A newly developed method that detects tiny bits of zircon in rock reliably predicts the age of ocean crust more than 99 percent of the time, making the technique the most accurate so far.
Image: Tiny crystals called zircons, used to date oceanic crust, are relatively common in rocks known as gabbros. Credit: Michael John Cheadle, University of Wyoming
After collecting zircon-bearing samples of ocean crust, the scientists used a Sensitive High Resolution Ion Micro Probe (SHRIMP) to determine the absolute ages of 17 samples from Atlantis Bank about 75 miles south of the Southwest Indian Ridge in the southern Indian Ocean. About 25 percent of the samples were 2.5 million years older than predicted by conventional models of crust generation at mid-ocean ridges.
"This research advances our understanding of how oceanic crust is formed, and the processes involved in that formation," says Mike Cheadle, geologist at the University of Wyoming (UW) and coauthor of an article describing the technique in the Oct. 28 issue of the journal Science.
Zircons are widely regarded as providing the best basis for finding the absolute age of rocks on land, according to Cheadle's coworker, Barbara John, who is also geologist at UW. The zircon dating technique has been used extensively to answer questions such as when and how fast the Earth's continental crust forms. But until now, scientists have relied on geophysical methods based on magnetism to date ocean crust.
As the Earth's tectonic plates separate over time, new crust is created at mid-ocean ridges, says John. Minerals in the rocks that make up the crust are magnetized in the direction of the Earth's magnetic field as they cool and freeze. Because the field reverses polarity over time, the rocks record the polarity, creating alternating stripes on either side of a mid-ocean ridge.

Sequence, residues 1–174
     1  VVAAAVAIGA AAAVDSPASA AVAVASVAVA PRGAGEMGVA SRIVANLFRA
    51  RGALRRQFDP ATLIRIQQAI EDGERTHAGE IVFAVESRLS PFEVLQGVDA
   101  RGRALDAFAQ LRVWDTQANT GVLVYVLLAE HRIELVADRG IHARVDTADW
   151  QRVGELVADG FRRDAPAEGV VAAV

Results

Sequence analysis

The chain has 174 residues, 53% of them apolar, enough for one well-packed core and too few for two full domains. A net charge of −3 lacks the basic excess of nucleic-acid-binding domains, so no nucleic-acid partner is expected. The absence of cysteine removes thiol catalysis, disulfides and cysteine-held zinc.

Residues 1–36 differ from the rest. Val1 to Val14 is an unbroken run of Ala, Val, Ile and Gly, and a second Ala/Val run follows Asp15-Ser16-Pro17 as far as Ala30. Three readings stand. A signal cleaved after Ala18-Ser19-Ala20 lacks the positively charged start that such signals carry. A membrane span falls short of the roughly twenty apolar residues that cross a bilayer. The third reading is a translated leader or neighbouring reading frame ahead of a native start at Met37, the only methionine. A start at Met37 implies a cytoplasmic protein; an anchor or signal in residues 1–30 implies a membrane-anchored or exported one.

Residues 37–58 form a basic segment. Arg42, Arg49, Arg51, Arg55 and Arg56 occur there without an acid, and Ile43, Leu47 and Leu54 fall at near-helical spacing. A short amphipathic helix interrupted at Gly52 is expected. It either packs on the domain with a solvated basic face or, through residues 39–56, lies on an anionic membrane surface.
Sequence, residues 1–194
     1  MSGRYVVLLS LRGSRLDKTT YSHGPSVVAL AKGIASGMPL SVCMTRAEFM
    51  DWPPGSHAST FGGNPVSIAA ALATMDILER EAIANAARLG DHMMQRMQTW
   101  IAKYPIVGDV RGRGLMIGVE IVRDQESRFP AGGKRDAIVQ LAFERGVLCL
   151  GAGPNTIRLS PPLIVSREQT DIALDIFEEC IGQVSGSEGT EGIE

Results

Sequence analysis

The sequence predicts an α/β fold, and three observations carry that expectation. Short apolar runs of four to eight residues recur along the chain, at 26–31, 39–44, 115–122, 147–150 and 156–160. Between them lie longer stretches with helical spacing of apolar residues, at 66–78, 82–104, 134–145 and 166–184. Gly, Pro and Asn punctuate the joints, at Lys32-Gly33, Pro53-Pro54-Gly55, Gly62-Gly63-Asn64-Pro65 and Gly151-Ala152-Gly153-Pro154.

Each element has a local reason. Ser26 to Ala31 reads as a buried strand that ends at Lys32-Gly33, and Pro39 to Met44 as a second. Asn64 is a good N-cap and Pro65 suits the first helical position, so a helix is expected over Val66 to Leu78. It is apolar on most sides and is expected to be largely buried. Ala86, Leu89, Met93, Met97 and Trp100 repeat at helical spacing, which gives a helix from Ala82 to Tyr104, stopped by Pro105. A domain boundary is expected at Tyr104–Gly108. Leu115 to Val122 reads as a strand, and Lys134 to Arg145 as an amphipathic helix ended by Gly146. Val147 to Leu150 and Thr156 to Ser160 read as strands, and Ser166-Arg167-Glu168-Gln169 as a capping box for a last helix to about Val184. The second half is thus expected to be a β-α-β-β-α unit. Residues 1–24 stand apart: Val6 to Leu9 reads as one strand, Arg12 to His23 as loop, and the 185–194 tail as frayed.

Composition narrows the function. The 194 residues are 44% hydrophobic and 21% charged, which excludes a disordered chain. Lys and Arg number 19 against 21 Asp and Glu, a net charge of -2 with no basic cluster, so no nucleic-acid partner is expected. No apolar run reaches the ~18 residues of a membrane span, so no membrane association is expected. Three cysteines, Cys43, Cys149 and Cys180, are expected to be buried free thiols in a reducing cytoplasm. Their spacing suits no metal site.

Traditionally, instruments aboard ships have predicted the age of the ocean's crust by mapping these magnetic stripes, and then calculating an age using distance and time between polarity reversals within the crust, says Rodey Batiza, program director in the National Science Foundation (NSF)'s Division of Ocean Sciences, which funded the research. But that method does not reveal the entire process involved in the growth of ocean crust, he says.
Joshua Schwartz, the paper's first author and a UW Ph.D. candidate in geology, says the team's research offers another tool to understand the complex processes occurring beneath the Earth's surface. "Our finding that these zircons are older than they should be relative to their magnetic age alters what we've thought about oceanic crust, he says. "The ability to date zircons in ocean crust offers another and better way to determine how ocean crust is formed."
Adds Cheadle, "Findings about today's ocean ridges help us to better understand how the Earth has worked in the past."
Other co-authors of the paper are affiliated with the U.S. Geological Survey in Menlo Park, Calif., and the Woods Hole Oceanographic Institution in Woods Hole, Mass.
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